Robert Iger, CEO of the Walt Disney Company (DIS), complained recently that the entertainment company’s income taxes are just too high. “It doesn’t mean that companies shouldn’t pay taxes, but I think the structure is off,” he said.
It would be easy to dismiss Iger’s words as just another self-serving gripe by an American CEO who doesn’t want to share in the burdens of supporting the United States of America, especially since he said nothing about reforms. That would be a mistake.
Corporate Tax’s Prosperity Mandate
Disney’s situation illuminates how America’s corporate income tax is failing to achieve any of its purposes, which are not limited to raising revenue.
One of the most important purposes of the corporate income tax, when Congress adopted the levy in 1909, was fostering prosperity. That may seem strange today when decades of anti-tax rhetoric have conditioned Americans to think of taxes as damaging to the economy—even as a form of legalized theft—instead of understanding, as the founders did and Congress did a century ago, that taxes are the foundation of our wealth and our liberties.
The original corporate income tax law encouraged economic growth and general prosperity by making sure risk-averse corporate owners and managers did not stuff profits into a mattress. The law imposed a penalty tax on excessive levels of liquid assets, a penalty levied on tens of thousands of mostly small or closely held businesses.
To avoid this penalty, companies earning robust profits need only pay dividends to owners, invest in new plant and equipment, or pay more to workers. That is, they had to put the money to work, not let it idle.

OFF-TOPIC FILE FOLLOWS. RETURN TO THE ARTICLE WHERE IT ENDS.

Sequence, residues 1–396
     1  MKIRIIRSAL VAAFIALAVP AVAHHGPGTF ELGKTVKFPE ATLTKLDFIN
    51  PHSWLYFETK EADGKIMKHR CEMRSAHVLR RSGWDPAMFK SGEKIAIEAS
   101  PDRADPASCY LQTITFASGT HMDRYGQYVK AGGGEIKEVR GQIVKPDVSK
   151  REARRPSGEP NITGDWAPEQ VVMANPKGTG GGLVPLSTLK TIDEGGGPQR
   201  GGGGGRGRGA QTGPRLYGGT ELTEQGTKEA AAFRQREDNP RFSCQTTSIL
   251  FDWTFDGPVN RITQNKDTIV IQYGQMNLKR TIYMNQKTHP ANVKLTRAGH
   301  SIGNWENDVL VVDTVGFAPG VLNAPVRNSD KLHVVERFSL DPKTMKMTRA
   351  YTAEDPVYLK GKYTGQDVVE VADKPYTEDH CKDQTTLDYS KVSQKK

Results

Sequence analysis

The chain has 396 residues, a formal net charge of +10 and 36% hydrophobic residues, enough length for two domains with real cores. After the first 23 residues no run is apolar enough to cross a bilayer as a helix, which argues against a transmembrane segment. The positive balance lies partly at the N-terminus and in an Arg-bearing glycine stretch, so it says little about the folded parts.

The key was that middle option—reinvesting profits to grow the business, which also meant creating more jobs in the 20th Century industrial economy.
Because investments in factories, machinery and lab equipment are tax-deductible, it means Uncle Sam shares in the cost of these investments. The higher the corporate tax rate, the smaller the after-tax cost of new investments; the lower the rate, the more owners bear the cost of reinvestment and the more likely they are to withdraw money for their personal pleasure.
How Corporate Taxes Work These Days
Today we see the result of policies that encourage withdrawal rather than reinvestment. Incomes at the top have exploded while 90% of Americans report an average income that, adjusted for inflation, is at the level of the mid 1960s. At the top, his-and-her jets—including a few personal jumbo jets—and multiple mansions abound.
The corporate income tax was also originally intended to create a level playing field with all profits taxed equally. As the old tax saying goes, Congress should tax the profits on chips without regard to whether they are microchips or potato chips.
That’s not how the corporate tax works these days, thanks to innumerable provisions that hardly anyone outside of tax specialists knows about, something Iger mentioned in passing. Disney’s taxes can illuminate what has gone wrong with the tax system in America.
Congress lets some big multinationals earn now, but pay their corporate income taxes by and by, under a single line added three decades ago to Section 531 of the Internal Revenue Code. This line encouraged companies to move their intellectual property offshore and to then pay royalties to their offshore subsidiaries, which converts taxable profits earned in the U.S. into tax-deductible expenses that that, once moved offshore, are taxed lightly or not at all.
In effect Congress loans these corporations the taxes they defer at zero interest. By investing the proceeds of these de facto government loans, the burden of the income tax is converted into a source of profit that grows and grows thanks to the magic of compound interest.
Taxpayers, who do not benefit from these zero interest loans, bear the cost of them. These untaxed profits are often invested in Treasury bonds. That means Congress not only extends zero interest loans to these lucky multinationals, it then taxes you to pay these companies to keep delaying payment of their taxes.
This system is not simple in practice. Think of it as a Rube Goldberg device.
The Zero-Interest AAPL Harvest